Ashley came to the center, as many of the children do, straight from the hospital. She had no family. The center offered her the only alternative to life in the intensive care unit.

"Her doctor said there was no hope for her," Gray says. "She couldn't progress, wouldn't live long."

But at the center she thrived and slowly but steadily improved in health and ability. After a few years she went home with a foster family who later adopted her. Now she attends a regular public school and has a full, happy life.

"She made an impact on that doctor," Gray says. "He said he would never again say that there was no hope for a child."

She pauses and adds: "That's what we have here. Hope. We know that these children are valuable and that God doesn't make mistakes. We can offer hope to the children, to their families."

Hope springs naturally from the faith displayed by the Grays and the workers at the center. From the Scripture verses on the walls to the hymns the workers hum as they tend to the children, it's evident this work is not a job but a ministry.

"If they took away the ministry aspect of our work, we might as well shut down," Carol Gray says. "Serving the Lord is what this is all about."

Serving takes the form of prayers and of showing love. It also involves 24-hour nursing care, physical therapy, speech therapy and special-education classes.

"We don't just baby-sit," Gray says. She points to the printed list of goals that's posted on the wall of the classroom. "We have objectives for each child and a plan for reaching those objectives.

"All of the children, even the youngest, are bathed and dressed up every day. None of them just lie in bed."

Besides caring for the children, the center offers a training program for the nursing assistants who work there. They also provide a leadership-training course for all nurses, department heads and other key leaders.

"It's obvious that you want good skills when you are talking about hiring someone," Gray says. "But I would rather hire someone with good character.

"You can train skills. We really do want people who want to be here. It's got to be more than just a job. It really, truly has to be from the heart."

From the specialists to the maintenance staff, love for the children is obvious. Perhaps it accounts for the extremely low turnover in workers. More than a third of the workers have five or more years of consecutive service.

"We have a little statement that we have no 'justas' here," Gray says. "Sometimes people say, 'Oh, I'm just a CNA [certified nursing assistant] or just a volunteer, or I'm just a dishwasher.' We do not say that. Every single person is important. Every job is important. It takes everyone to make it happen."

And a lot happens at the center.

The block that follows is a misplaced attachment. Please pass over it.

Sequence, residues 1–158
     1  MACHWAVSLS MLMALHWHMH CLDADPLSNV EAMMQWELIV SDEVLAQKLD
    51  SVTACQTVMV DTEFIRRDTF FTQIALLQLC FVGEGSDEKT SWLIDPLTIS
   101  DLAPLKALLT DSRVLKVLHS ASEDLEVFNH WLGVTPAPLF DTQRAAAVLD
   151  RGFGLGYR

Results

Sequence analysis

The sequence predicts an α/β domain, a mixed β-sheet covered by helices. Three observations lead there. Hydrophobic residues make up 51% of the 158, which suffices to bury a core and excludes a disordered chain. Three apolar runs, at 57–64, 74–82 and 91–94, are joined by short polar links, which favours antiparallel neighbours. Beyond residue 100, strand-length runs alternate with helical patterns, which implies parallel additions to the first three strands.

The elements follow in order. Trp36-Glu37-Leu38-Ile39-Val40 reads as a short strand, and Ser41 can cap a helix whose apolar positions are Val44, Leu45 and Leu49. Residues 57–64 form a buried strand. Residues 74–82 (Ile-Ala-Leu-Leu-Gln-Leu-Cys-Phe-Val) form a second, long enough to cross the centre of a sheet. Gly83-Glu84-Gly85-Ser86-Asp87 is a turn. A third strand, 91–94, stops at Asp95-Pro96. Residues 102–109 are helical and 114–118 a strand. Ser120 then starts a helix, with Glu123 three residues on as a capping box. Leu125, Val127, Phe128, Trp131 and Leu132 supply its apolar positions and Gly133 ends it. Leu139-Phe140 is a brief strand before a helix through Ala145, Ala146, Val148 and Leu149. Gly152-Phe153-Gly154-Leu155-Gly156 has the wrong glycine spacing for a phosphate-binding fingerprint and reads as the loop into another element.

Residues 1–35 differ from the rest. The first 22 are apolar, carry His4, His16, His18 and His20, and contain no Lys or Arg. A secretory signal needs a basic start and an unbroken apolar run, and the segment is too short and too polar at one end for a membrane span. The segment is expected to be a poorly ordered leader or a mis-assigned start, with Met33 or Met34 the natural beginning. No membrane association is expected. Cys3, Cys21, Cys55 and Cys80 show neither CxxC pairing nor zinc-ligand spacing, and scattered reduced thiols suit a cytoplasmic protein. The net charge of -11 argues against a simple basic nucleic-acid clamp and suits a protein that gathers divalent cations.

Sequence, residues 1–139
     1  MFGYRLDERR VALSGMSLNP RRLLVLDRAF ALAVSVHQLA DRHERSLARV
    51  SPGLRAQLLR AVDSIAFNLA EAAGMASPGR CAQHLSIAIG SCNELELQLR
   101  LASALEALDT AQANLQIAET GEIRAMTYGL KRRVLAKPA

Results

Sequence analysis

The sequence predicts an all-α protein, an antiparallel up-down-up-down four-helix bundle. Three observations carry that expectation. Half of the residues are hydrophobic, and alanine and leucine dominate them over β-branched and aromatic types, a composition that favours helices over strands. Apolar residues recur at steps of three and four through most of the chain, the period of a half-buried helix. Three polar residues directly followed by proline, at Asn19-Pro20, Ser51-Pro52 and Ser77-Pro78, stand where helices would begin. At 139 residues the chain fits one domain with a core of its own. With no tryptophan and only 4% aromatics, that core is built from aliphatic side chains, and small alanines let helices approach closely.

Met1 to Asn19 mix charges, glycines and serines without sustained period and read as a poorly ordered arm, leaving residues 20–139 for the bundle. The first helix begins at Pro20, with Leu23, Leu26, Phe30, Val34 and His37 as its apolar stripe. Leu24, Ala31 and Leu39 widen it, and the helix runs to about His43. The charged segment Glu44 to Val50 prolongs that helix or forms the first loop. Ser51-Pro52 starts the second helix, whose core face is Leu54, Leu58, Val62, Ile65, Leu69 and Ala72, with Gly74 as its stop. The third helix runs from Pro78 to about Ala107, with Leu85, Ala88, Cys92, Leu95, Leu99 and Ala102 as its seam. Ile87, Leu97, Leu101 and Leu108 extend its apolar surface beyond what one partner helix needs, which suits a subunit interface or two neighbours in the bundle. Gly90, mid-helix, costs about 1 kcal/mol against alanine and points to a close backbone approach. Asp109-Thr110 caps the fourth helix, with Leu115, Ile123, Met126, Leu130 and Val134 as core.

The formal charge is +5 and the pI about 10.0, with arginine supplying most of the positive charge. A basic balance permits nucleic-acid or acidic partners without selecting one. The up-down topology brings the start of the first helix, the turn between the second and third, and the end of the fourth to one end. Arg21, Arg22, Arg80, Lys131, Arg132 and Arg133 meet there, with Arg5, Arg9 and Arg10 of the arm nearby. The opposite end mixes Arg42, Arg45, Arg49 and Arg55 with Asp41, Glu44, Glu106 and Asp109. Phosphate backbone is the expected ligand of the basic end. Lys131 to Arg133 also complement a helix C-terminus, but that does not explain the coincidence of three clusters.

More than 3,000 children are treated annually through in-patient care, out-patient therapies and the on-site clinic.

There is even a seating clinic at the center. Wheelchairs don't come as one-size-fits-all. Specialists use creativity--and sometimes prayer--to solve unique problems and customize the wheelchairs and other special seats to meet the needs of the owners.

The next stage of the ministry will increase yet again the number of children served. Plans are underway to build a 23,600-square-foot, $4 million Pediatric Medical Rehabilitation Unit at The Children's Center.

The new building, separate from the existing one but connected by a corridor, will treat children with traumatic brain and spinal cord injuries and other neurological and orthopedic injuries or illnesses.

The number of admissions with this type of condition increased 100 percent during the last two years. The different rehabilitation needs, as well as the space requirements, make building the new unit imperative.

"Currently, there are no facilities in Oklahoma caring for these young patients," Albert Gray says. "The Children's Center is very capable of providing this service, allowing families to be close to their child during rehabilitation."

That ever-expanding vision for the future is a trademark of Albert Gray's. His way of seeing a need and stepping out in faith to find a way to meet it helped lead the center to success.

Some of the success is in the stable finances, the services offered and the beautiful buildings. But mostly, success takes place bit by bit in the lives of the children.

"Come on, Elizabeth," the teacher says. "Pick it up."

Elizabeth looks down at the box on her lap, chooses a toy and smiles.

"Hurray!" The cheers and claps once more fill the room, celebrating a milestone.

Celebrating hope.

Celebrating a life worth the effort.


Suzanne Jordan Brown is a freelance writer and a pastor's wife. She also teaches writing at the University of Oklahoma.
For more information or to make a donation, write The Children's Center, Donald W. Reynolds Complex, 6800 N.W. 39th Expressway, Bethany, OK 73008; or call 405-789-6711.